He might have had a grand slam in 1934 - it would have preceded Don Budge's original by four years - except for an Italian named Giorgio di Stefani, of whom he fell foul at the French. "Giorgio was an odd character," Perry recalled over dinner in Melbourne days before he died. "No backhand. Ambidextrous. He switched the racket from hand to hand. Very good on clay. I hurt my leg, so I don't think I would have won the tournament. When it became clear he was going to beat me, I asked him not to make me look bad. But he did. `All right, Giorgio,' I told him as we shook hands. `You won't get a game next time we meet.' And he didn't: 6-0
6-0 6-0 at the 1935 Australian."
Wimbledon of 1934 was the start of Fred's three straight All England titles. Then he won the second of three US titles. The following year he got the French, becoming the pioneer among four men who captured all four majors. Budge, Rod Laver, Roy Emerson would follow.
Not to the tennis manor born, as the son of a Labour politician, a late teen starter but an athletic, quick learner, Fred seemed, to the establishment, abrasive, not properly respectful. That's probably why he took to Jimmy Connors. "You're one of us now," he said as he put his arm in fatherly style around Connors following the brash basher's 1974 Wimbledon triumph that humiliated the beloved elder Ken Rosewall. He didn't hesitate to defend Connors against those appalled by Jimmy's wrong-side-of-the-tracks persona.
Perry spoke his mind, too, and often. Like many of us, he believed that the high-tech rackets have taken a lot of enjoyment out of watching the game. At the dinner table he repeated his simple, sensible solution to counter overpowering serves, a rule change that would interfere not at all with the essence. "It would be helpful to return to the foot fault rule of my day. You must keep the forward foot on the ground or it's a foot fault. The players and rackets are bigger and stronger now, but anchoring the server's front foot - allowing no more leaping into the court - would aid the receiver."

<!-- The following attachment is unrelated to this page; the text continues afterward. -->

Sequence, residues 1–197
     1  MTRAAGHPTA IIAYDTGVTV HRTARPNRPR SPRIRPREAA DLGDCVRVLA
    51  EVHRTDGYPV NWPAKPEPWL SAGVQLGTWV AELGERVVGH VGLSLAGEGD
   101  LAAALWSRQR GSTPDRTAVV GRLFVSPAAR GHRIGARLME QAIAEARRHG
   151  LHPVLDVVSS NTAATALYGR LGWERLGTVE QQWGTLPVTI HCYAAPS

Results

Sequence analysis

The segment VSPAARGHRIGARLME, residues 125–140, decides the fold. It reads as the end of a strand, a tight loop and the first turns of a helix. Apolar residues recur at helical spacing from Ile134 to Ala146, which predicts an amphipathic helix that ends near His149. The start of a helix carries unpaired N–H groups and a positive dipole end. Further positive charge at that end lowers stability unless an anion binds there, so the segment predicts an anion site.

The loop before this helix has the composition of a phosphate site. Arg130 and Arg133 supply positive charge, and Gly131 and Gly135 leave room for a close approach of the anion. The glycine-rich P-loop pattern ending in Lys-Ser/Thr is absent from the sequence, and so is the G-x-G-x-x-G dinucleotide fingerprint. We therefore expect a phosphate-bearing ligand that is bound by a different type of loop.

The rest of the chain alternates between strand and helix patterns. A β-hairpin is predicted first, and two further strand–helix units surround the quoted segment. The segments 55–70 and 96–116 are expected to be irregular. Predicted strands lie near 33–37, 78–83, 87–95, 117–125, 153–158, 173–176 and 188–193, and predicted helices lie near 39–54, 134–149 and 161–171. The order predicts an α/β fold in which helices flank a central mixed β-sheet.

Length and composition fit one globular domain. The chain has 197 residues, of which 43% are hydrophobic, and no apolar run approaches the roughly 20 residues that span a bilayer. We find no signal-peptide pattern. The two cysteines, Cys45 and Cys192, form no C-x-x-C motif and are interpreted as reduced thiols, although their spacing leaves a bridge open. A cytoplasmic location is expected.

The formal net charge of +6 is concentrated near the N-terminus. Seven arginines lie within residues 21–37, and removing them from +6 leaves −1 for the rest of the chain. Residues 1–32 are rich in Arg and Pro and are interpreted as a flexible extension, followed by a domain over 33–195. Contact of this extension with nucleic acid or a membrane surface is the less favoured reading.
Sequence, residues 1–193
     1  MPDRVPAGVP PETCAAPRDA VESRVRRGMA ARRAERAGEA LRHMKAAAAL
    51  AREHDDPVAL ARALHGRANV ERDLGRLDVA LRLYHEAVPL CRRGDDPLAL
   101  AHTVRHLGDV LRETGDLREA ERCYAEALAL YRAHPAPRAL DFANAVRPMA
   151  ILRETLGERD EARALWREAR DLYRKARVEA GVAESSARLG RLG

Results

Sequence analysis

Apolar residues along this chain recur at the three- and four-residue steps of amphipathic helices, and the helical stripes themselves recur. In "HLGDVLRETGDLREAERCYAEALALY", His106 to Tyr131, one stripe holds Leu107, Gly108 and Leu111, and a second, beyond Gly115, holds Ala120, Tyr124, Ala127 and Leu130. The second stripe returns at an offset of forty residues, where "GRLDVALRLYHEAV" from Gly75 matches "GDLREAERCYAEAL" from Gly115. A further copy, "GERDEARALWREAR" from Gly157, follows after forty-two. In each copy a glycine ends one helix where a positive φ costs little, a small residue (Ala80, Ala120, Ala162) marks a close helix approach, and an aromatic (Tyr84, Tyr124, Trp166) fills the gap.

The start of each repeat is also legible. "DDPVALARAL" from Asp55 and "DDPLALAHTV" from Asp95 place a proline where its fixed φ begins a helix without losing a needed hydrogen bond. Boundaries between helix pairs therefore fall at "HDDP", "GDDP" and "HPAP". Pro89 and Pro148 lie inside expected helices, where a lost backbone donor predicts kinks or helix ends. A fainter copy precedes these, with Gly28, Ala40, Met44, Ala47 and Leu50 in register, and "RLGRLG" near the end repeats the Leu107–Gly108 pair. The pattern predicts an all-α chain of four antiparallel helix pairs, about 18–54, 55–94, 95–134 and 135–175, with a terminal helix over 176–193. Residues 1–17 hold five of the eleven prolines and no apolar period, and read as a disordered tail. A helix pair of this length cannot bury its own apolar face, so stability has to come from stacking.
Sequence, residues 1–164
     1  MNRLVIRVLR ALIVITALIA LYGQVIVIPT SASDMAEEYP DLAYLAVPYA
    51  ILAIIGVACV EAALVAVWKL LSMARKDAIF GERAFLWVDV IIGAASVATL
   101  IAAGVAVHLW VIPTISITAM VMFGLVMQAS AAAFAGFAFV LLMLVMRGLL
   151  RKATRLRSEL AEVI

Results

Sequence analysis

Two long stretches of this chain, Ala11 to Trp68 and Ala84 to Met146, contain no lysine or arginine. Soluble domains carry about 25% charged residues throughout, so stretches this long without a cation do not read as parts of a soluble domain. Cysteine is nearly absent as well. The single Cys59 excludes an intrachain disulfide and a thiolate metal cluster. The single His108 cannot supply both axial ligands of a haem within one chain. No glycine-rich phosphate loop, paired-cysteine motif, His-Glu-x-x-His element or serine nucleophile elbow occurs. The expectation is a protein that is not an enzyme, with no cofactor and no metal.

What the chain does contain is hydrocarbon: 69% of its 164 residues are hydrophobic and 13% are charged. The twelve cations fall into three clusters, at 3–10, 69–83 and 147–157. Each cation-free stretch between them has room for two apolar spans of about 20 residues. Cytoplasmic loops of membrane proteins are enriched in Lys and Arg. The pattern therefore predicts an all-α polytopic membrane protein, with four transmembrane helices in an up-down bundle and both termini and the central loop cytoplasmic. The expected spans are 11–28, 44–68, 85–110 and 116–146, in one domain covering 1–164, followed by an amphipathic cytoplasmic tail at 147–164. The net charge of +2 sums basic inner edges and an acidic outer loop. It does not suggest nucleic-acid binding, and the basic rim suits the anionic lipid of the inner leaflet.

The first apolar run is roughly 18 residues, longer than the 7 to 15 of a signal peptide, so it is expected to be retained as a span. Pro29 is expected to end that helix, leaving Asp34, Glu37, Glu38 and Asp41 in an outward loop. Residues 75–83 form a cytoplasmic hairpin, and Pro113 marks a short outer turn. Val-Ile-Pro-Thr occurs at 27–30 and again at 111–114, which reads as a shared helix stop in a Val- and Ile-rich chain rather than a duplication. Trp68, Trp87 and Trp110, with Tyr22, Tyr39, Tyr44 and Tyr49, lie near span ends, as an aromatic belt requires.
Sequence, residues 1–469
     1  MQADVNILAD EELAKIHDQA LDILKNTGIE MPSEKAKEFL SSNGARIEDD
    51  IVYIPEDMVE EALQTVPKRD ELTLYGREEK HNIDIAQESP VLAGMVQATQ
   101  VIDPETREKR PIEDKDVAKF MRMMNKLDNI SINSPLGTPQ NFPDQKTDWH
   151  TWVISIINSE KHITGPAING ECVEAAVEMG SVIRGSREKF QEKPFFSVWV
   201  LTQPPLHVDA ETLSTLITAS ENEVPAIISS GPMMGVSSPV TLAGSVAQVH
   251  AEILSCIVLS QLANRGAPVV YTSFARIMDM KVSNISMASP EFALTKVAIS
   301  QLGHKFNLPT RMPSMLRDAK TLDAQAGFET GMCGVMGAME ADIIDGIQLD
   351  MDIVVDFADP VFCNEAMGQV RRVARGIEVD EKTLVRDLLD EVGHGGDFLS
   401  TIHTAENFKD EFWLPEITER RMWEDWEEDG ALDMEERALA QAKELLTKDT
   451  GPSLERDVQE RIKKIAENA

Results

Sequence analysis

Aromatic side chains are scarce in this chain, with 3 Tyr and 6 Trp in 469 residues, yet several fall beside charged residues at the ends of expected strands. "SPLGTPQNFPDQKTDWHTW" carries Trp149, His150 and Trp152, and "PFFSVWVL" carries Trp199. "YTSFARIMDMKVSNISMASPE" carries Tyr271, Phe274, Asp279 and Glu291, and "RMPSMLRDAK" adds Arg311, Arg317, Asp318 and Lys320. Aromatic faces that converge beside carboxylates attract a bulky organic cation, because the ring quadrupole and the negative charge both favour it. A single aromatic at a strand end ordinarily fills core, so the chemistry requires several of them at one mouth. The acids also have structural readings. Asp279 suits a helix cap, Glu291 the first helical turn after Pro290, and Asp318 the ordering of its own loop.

He also felt, with reason, that "the players don't have as much fun as we did". On induction to the tennis hall of fame at Newport, Rhode Island, in 1975, he looked around the Casino, one of his old haunts, and grinned: "Ah, if this shrubbery could talk,we'd all be in trouble."
He recalled a time in a Boston hotel when he and an American, Bill Fiebleman, like jail breakers, tied together a rope of bed sheets in order to pay a social call on a couple of female players residing on the floor below. "I shiver when I think of that climb," he said, the memory still warm.
Hollywood had a love affair with tennis in the Thirties, and he dated such stars as Jean Harlow. Britain, of course, had a love affair with Perry from 1933 onwards. By beating Andre Merlin in the decisive fifth rubber, he ended France's six-year hegemonyin the Davis Cup. Unbeaten in singles thereafter, he kept English mitts on the Cup until he turned pro in 1937, removing himself from the traditional scene. If there had been open tennis then, there's no telling how many more majors Fred might have won."What I remember best was the front page of the Express when we returned from Paris with the Cup. Just one word in big black type: FRED." That was all you had to know about British tennis in the days when it mattered.
"It makes me feel a little strange to come into the Wimbledon main gate, and see myself on the right," he chuckled, acknowledging the nine-year-old life-sized bronze of himself. "But it serves a purpose. People say: `Meet you at Fred'." The Wimbledon landmark for more than half a century is no more. But the bronze Fred remains to remind us of the wonderful guy who created a golden age for his island tribe.Reuse content